After grappling with the grief of back-to-back miscarriages, Jamie Gernert has some exciting news to share: She's 16 weeks pregnant. Frequent MyDomaine readers might recall that just a few short months ago, Gernert graciously opened up about her experience of coping with miscarriage, a common yet oft-undiscussed phenomenon that occurs in about one of every 10 to 15 pregnancies. When she first shared her story in March, Gernert inspired many (this writer included) with her persistent optimism and her ability to find strength in sorrow.
Now that she's expecting, the stylish and successful woman behind the blog Work Your Closet has a new mom truth to share: She's somewhat anxious about her growing family. The birth of our second child is "going to be a big, meaningful, powerful moment in our lives," Gernert told MyDomine. "Our little son has no idea what's coming yet, and I think he's just a little young, but once this other bundle arrives it'll change our world—but that's great," she added.
Here, Gernert opens up about confronting her pregnancy anxieties, having to restrain her excitement, and finally sharing the good news with her parents, as told to Megan Beauchamp.
After our second loss, my husband and I were advised to wait a few months before trying to conceive again. My doctor explained that this waiting period would allow my body to naturally regulate itself. If you're curious about what I did differently this time around, I took a progesterone supplement and started tracking my health metrics with a device called the Ava bracelet. Honestly, I was probably targeted by the company purely based on my Google search history and my web habits.
That said, the device does a great job at tracking more than just your heart rate and your sleeping habits. It also tells you your body temperature and dermal temperature to help you track your ovulation cycle. After the second miscarriage, I was up for trying anything. I wore the bracelet every night for two months, and while I wouldn't say that it was entirely accurate, it was just nice to have access to this data. It made having informed conversations with my OBGYN and doctors much easier.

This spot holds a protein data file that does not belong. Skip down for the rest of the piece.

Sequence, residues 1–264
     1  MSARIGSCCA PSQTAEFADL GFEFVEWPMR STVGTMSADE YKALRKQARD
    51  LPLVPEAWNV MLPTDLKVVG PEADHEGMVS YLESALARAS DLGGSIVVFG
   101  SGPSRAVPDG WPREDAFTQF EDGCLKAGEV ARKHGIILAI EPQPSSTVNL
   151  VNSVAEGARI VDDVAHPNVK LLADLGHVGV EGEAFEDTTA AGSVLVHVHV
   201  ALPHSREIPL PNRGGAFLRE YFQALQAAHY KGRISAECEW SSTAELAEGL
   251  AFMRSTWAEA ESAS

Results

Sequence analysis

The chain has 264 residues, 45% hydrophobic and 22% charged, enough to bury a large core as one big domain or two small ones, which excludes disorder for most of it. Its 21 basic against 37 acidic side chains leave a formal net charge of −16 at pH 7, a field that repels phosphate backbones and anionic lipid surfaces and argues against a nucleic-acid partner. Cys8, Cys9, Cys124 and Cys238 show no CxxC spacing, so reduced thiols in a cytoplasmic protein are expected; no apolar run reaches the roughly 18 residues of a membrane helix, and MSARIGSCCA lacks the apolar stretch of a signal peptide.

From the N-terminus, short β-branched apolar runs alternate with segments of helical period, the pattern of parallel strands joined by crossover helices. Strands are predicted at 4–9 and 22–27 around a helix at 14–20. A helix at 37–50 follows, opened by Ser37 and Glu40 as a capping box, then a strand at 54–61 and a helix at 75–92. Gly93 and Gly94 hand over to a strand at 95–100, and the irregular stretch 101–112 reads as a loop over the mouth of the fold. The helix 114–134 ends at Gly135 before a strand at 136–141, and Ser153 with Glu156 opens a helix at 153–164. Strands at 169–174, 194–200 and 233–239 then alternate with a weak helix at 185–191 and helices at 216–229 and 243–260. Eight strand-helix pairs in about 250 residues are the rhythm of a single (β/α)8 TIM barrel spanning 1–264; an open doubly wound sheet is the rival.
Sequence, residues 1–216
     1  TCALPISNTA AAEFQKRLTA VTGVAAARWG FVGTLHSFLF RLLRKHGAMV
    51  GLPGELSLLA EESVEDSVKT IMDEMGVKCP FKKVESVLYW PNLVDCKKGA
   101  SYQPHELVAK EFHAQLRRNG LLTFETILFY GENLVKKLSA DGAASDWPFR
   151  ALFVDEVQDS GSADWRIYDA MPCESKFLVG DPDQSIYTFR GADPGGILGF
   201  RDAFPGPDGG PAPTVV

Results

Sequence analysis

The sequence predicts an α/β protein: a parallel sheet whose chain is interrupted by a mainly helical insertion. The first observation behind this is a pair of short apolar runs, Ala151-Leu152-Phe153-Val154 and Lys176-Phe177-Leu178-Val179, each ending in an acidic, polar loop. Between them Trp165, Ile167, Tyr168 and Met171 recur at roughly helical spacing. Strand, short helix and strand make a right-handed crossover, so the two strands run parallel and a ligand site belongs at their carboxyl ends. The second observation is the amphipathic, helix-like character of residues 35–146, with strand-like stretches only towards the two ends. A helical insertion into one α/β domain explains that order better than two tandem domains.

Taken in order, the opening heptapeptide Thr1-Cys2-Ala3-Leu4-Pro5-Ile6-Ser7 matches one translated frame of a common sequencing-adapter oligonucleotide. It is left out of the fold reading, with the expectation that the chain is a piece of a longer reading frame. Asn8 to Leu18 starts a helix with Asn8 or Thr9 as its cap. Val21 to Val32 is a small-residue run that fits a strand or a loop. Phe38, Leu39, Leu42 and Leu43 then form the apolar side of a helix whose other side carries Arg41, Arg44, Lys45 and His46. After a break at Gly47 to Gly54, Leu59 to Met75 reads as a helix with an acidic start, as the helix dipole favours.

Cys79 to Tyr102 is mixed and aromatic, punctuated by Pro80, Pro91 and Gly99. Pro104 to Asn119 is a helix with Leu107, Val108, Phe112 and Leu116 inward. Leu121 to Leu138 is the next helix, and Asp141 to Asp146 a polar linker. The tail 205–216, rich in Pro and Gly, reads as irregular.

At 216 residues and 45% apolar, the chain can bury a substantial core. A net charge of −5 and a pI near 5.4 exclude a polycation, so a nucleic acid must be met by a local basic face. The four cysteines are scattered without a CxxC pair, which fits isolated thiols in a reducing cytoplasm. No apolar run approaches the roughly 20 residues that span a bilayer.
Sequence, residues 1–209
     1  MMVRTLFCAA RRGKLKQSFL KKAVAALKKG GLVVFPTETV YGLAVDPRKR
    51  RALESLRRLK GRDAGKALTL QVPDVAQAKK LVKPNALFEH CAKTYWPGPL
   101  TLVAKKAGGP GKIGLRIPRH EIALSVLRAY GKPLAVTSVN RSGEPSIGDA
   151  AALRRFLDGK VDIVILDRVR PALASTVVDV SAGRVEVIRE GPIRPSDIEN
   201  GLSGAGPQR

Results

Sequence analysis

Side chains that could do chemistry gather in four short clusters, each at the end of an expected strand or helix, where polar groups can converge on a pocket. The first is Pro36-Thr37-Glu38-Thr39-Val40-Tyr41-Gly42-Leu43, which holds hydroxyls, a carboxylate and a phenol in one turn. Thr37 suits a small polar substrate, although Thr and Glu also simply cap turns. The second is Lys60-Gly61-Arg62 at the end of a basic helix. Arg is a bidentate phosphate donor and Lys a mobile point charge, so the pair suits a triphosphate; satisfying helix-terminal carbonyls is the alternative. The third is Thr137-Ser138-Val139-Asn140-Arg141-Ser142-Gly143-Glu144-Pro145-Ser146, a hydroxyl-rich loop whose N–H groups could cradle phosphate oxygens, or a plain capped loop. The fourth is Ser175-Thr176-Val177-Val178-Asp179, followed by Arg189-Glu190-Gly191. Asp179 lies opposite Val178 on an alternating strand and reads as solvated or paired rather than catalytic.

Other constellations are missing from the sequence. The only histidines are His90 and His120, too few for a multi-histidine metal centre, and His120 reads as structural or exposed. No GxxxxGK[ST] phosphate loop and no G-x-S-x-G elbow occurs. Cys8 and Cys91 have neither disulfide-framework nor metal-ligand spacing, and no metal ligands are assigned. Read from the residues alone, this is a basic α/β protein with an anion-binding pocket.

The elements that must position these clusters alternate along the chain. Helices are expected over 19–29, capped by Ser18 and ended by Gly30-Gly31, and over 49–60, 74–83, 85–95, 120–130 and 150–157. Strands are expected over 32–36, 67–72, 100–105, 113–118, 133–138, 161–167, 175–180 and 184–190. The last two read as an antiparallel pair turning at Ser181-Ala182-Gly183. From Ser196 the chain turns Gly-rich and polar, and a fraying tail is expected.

I took an at-home pregnancy test two days before my missed period. I was feeling confident because we were using both the Ava bracelet and ovulation tests. The result was a faint line, but I immediately told my husband Nick. I waited two more days and took another test—and it was positive. At that point, I made an appointment with my doctor, and we were "cautiously optimistic." After two losses, your instinct isn't to react with pure joy and excitement. The first trimester is a nerve-racking time, and all you can do is HOPE that everything will work out. You have to think positively but it's easy to get caught up in the what ifs.
When we visited the doctor eight weeks into the pregnancy, everything was perfect. However, I had to schedule another appointment at 10 weeks after I started experiencing some spotting. Luckily, it was just being caused by a hematoma, which is essentially an internal blood blister that was most likely caused by excessive exercise, that was located between my uterus and cervix. That was really nerve-racking too, but the diagnosis was such a relief. Our babe was totally fine.
We're technically in our second trimester, so I'm feeling much better. Even though my hematoma is still there, it's not causing any harm to the baby. It's just physically limiting for me. For example, I can't go to yoga classes every week and I can't pick my son up—restrictions that I didn't experience with Hudson, my first. It's just proof that every pregnancy is different.
With that in mind, my outlook on various details has changed. For instance, when my husband asked me if I wanted to know the sex of the baby, I replied, "Of course I want to know." But do I care what it is? Absolutely not. My priorities have shifted to simply wanting a healthy baby—10 fingers, 10 toes. I'm grateful for the smaller yet more significant details than the ones I might have dwelled on with our son.
We're due in February, and I'm more positive now that we've entered a safe zone. We finally told family over Labor Day weekend. We thought the timing was perfect with "Labor Day" and all. The birth of our second child is going to be a big, meaningful, powerful moment in our lives. Our little son has no idea what's coming yet, but once we tell him and once this other bundle arrives, it'll change our world—but that's great.
Our journey is our journey, but I know that there must be some women out there going through something similar. To those of you who are, I just want to you that it'll be okay. When the time is right, it will happen. You can't give up hope.
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